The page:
You may have heard of the $35 million fundraising by Nigerian fintech startup, Flutterwave, in its latest series round.
You might also be wondering why global payment company Visa was a participating investor, considering that Mastercard participated in Flutterwave’s series A extension round of $10 million in October 2018.
To have participated in this round, one possibility is that when investing in Flutterwave, Mastercard ensured the contract stated that they would have the first right of refusal if a competing investor were to come in. It's also possible there was no such clause and both Visa and Mastercard had an agreement that allowed Mastercard simply cash out of Flutterwave.
Although this deal gives room for speculations, the Visa strategy has nothing to do with its investments in Flutterwave or its couterpart, Paystack. Rather, it plays into the long-time rivalry with Mastercard and the control of Nigeria’s card and online payment industry.
Visa and Mastercard are the largest payment companies in the world, with their cards widely accepted globally at tens of millions of merchants in more than 200 countries.
But arguably, no space has quite the potential for payment when it comes to impact and profit in Africa, and the Nigerian market presents the perfect paradox of plenty of opportunities and hard luck.
As of December 2009, the number of debit cards issued was estimated at over 20 million and monthly volume of transactions processed on the Interswitch network alone -- through its Verve Card -- was estimated at over 100 million. However, according to EFInA statistics, over 50% of the cards issued were inactive.
That represented a significant opportunity to improve the volume and value of transactions conducted in the banked population, in addition to the opportunity with the untapped unbanked market. This allowed Visa and Mastercard to double down on the Nigerian card market, albeit to varying degrees of success.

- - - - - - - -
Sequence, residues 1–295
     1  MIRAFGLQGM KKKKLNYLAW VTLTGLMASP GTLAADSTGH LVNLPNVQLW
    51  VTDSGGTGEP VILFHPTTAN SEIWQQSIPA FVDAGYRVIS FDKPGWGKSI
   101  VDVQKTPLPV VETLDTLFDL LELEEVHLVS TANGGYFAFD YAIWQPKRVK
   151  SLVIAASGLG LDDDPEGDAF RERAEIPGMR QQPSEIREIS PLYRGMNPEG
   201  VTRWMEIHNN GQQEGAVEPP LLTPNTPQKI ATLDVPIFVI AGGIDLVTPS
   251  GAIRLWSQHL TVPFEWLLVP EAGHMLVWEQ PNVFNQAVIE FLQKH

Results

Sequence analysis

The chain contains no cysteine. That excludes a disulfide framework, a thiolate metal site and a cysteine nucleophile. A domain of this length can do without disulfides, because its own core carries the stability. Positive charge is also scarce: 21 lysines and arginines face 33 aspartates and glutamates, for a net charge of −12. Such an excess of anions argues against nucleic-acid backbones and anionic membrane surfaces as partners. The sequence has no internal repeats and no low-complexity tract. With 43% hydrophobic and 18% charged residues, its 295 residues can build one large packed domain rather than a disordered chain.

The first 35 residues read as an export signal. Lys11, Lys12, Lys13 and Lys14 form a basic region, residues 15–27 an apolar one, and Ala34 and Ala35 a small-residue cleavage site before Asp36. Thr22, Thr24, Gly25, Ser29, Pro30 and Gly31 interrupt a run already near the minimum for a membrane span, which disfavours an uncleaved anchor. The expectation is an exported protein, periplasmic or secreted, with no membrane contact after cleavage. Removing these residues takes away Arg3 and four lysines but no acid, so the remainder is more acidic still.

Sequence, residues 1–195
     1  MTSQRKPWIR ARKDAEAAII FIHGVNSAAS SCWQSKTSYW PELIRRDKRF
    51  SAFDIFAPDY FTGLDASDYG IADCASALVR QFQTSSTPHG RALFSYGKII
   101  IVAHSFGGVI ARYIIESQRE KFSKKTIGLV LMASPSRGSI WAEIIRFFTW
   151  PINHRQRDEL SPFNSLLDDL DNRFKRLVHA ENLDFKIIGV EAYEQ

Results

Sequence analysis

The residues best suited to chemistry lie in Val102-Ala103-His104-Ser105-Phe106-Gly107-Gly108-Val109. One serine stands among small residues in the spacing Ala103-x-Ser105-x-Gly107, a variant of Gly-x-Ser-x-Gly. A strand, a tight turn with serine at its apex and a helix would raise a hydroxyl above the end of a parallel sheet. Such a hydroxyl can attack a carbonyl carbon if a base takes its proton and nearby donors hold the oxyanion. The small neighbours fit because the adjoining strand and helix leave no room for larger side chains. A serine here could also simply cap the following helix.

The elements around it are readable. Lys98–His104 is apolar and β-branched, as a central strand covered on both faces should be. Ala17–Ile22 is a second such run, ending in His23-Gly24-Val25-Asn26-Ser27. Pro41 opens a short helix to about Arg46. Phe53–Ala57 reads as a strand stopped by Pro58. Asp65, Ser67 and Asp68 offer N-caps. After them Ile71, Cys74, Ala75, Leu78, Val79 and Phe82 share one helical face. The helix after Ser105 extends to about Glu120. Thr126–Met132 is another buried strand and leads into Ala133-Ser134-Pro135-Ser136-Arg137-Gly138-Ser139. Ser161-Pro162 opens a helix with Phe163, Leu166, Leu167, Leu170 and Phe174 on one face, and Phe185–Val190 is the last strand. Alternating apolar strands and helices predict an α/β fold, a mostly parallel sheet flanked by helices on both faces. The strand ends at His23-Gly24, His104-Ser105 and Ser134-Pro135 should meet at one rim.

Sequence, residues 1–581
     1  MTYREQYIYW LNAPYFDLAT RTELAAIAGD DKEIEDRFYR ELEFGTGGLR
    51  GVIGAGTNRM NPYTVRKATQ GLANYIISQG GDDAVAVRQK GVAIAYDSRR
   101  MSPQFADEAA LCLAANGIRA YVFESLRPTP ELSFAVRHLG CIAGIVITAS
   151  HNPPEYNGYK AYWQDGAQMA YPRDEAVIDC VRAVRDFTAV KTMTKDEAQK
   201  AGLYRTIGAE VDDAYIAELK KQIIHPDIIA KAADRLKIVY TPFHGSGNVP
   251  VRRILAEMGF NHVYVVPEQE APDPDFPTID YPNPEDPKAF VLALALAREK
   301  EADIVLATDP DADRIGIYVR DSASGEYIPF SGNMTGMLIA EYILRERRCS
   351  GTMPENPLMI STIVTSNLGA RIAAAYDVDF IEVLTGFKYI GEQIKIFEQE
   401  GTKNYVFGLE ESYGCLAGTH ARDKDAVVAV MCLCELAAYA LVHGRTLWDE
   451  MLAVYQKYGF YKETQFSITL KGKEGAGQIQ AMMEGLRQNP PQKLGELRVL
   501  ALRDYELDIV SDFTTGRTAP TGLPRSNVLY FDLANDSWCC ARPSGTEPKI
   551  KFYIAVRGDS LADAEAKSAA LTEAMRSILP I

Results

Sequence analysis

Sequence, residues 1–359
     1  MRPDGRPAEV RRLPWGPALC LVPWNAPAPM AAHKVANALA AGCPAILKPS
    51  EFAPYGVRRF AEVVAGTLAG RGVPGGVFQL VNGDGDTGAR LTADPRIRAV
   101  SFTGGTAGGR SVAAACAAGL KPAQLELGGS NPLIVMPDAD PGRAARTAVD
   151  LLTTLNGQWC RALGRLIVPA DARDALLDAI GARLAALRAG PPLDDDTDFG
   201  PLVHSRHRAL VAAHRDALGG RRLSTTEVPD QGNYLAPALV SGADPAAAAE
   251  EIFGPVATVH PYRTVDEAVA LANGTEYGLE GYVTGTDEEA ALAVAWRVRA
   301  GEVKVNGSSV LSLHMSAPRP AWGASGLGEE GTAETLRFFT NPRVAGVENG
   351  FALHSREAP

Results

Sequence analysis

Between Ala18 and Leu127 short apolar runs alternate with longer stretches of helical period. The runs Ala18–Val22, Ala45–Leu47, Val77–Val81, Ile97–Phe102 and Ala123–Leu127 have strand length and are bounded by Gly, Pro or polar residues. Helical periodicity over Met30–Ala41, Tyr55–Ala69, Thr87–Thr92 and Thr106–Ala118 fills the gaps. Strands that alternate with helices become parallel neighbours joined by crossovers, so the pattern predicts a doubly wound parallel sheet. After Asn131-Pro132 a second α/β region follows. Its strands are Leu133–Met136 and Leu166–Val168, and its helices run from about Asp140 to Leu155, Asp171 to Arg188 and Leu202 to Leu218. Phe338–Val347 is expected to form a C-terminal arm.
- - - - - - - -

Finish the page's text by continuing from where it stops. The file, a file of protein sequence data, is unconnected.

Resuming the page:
Data from the Nigeria Inter-Bank Settlement System (NIBSS) show that Mastercard has led the card POS transactions in Nigeria. Although Visa appears to be winning at the global level, having accounted for a whopping 53% of the credit purchase online in the US in 2017, it was losing the battle for Nigeria.
In the same year, Mastercard held 62.2% of Nigeria's POS transactions in terms of volume followed by Verve at 21%, and Visa at a staggering 16.2%.
Amidst fears of losing its grip on the Nigerian market, Visa has made some investments in Nigerian fintech companies. Most notably is the $200 million in Interswitch for a 20% equity stake.
Quite the panic buy, Visa’s 20% might allow it to grow its portfolio in Nigeria. Interswitch's Verve is arguably the largest domestic debit card scheme in Africa with more than 19 million cards activated on its network as of May 2019.
Above all, Interswitch has the highest and most recognisable payment license in the industry which allows it to communicate with all banks in the country. Currently, Interswitch processes most of Mastercard’s transactions in Nigeria and potentially could have Mastercard at the mercy of Visa.
Adding that to the possibility of a full takeover of Interswitch by Visa, should the former complete its planned IPO in May this year, spells further doom for Mastercard.
Full control of Interswitch by Visa potentially means a restriction to Mastercard’s reach and technology and the ultimate game-changer in a battle of control for Nigeria between two global giants.
Mastercard has been successful in Nigeria for the most part. The last thing it would want is to lose grip of the market. Surely, it would seek to protect its interest. The likely and almost inevitable move will be to buy into Interswitch competitor, eTranzact.
eTranzact has a switching licence but, most importantly, already processes some transactions for Mastercard.
Their alliance would allow Mastercard to hold its ground against Visa when that happens. The battle line is drawn.